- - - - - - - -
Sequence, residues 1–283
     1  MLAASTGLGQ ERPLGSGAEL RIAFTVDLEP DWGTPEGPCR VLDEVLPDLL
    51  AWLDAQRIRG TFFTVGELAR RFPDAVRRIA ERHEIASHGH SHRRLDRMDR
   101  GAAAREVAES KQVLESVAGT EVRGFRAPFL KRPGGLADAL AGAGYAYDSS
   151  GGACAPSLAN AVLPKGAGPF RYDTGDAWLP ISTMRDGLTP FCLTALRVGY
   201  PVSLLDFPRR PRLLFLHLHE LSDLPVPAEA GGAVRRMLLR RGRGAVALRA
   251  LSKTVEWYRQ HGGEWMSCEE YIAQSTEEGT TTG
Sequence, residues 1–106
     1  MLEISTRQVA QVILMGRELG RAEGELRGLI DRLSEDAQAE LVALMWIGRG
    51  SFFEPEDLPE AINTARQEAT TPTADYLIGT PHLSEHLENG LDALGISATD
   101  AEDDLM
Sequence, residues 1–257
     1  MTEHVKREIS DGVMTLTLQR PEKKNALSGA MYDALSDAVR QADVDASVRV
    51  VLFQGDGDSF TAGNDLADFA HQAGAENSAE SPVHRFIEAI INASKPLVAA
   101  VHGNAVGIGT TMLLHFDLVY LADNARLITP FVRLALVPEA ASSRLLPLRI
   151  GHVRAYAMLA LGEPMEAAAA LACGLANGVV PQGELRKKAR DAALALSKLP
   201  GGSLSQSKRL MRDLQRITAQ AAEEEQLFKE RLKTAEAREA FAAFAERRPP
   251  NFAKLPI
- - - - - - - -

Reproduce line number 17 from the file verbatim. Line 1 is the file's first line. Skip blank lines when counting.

   201  GGSLSQSKRL MRDLQRITAQ AAEEEQLFKE RLKTAEAREA FAAFAERRPP